Warping for Dishtowels with 8/4 Cotton

I believe that there are as many ways to make dishtowels as there are weavers! Everybody has their own preferences and their own perks when weaving them. Myself, I like my towels thin! This has led me to adopt thin 8/2 cotton yarns. I use them ALL the time! However today, I’m going out of my comfort zone and I’m trying something new: warping for dishtowels with 8/4 cotton on my rigid heddle loom. This means that there will be two parts to this project. For the first one, I will be only talking about the warping of this project. There will then be another one in a few weeks in which I will be sharing the weaving of those dishtowels.

Here’s the video I made about this project:

Fist, let me put you in context on how this project started. A few weeks agao, I bought a huge stash of yarn from Hobbii. I had always been curious about their yarn and I was excited to try a lot of them. I have already made a scarf with one of their cake yarn. However, I have not made a blog post about it yet, but it’s possible to see this project in the following video:

Also, I had heard that Hobbii made amazing cotton yarns for dishtowels, and I was really curious to try them. However, when I browsed through their website, I realized that they did not make them 8/2 cotton, my favorite size. So I decided to buy two cones of their 8/4 cotton and see if I liked working with them. This means that with this project, I’m open to this new yarn and to trying out thicker towels!

Warping for Dishtowels with 8/4 Cotton

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8/2 Cotton vs 8/4 Cotton

Before starting the project, let’s have a little discussion about the differences between 8/2 and 8/4 cotton and why I usually prefer one more than the other.

8/2 and 8/4 cotton

In a nutshell, 8/2 cotton is a thinner yarn and than 8/4 cotton. It’s as simple as that. This being said, the reason why I prefer 8/2 cotton is that I find it more versatile. Apart from my rigid heddle loom, I have two multi-shaft looms and I prefer to weave with thinner yarns on them. This means 8/2 cotton, but also 8/2 Tencel, bamboo, etc. Also, when I go to the store, I simply buy yarns that I like, without always having a specific project in mind. When I’m ready to start a project, this is when I go to my stash and get inspired by all of the yarns that I have. This means that I have a tendency to only buy 8/2 cotton as I know that I might use it on any of my three looms.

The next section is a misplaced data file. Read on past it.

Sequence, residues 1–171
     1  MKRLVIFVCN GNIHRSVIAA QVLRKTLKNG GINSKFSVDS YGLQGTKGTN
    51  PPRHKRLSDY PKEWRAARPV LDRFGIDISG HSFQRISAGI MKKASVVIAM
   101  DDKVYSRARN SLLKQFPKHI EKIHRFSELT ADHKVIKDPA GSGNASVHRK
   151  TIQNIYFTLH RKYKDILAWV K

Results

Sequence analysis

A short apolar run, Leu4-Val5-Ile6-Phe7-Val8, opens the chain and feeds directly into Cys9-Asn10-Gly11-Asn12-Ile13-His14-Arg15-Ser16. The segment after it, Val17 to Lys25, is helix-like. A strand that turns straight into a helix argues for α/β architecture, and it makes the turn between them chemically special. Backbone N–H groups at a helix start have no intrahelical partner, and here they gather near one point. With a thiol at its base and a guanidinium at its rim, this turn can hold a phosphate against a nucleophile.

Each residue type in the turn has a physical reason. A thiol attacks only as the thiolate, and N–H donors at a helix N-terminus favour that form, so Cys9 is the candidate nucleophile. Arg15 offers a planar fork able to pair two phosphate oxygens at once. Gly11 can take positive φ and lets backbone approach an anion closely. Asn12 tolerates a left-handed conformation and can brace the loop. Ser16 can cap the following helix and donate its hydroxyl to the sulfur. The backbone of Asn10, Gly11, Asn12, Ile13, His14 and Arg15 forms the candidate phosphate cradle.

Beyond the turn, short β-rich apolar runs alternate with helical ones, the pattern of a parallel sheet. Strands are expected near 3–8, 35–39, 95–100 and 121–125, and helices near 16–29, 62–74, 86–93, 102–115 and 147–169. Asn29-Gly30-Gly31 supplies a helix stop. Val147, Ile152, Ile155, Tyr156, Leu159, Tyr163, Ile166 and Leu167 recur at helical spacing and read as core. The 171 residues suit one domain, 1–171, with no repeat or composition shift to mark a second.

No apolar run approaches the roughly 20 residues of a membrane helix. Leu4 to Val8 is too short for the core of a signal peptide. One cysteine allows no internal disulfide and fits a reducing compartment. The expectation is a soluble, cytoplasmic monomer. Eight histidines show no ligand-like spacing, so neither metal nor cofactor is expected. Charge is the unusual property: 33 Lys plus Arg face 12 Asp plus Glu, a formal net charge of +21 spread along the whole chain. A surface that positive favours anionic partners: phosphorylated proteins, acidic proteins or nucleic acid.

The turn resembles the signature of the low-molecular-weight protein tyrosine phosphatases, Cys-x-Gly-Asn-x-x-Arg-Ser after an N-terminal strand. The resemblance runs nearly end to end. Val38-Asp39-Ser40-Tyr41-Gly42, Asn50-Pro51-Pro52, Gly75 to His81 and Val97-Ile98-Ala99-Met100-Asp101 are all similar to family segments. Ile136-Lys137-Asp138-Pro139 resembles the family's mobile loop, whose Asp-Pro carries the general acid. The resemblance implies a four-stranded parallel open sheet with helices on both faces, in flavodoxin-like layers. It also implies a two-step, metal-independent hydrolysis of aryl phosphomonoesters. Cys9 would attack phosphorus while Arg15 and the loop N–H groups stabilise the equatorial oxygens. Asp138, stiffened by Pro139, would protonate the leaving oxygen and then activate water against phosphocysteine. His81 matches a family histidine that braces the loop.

Also, I love my towels thin. This doesn’t bother me at all to weave thinner towels on my rigid heddle loom!

I do not believe that there is a difference in absorbency between 8/2 and 8/4 cotton. For me, my preference really comes from their utility.

The Yarn

Here’s more details about the yarn used for this project. As I mentioned before, I’m trying for the first time to make dishtowels with yarn from Hobbii. For the colors, I have decided to go with a light gray, which name is “Ash” (07) and a light blue which name is “Cornflower” (17). And of course, their size is 8/4 and they are made out of 100% cotton.

8/4 cotton

Here’s a link to Hobbii’s website, where you can get the same yarn:


The cones are pretty massive and each of them contains around 1700m (1856yds) of yarn. I should be able to make a few projects out of them!

The specifics

For this project, I used my 12.5 DPI heddle and I singled my threads in each dent. I have warped a width of 23.5” (58cm) and the project has 294 ends. At first, I wanted my project to be exactly 24” (60cm) wide and to have 300 ends. However, in order for the pattern to work, I had to remove a few ends.

I warped a length of about 100” (2.5m). At the moment of warping, I believed that this should be enough to weave 2 dishtowels of about 40” (1m) long each and allow for about 22” (50cm) of waste yarn. Now that the project is done, I can say that I ended up having a little less scrap yarn than that, which allowed me to leave about 4” of fringes in between my woven towels. If I were to redo this project, I would probably warp for about 4” (10cm) longer just to have a bit more wiggle room and have both towels the same size. My advice, warp for 104″ (2.6m).

The Warp Pattern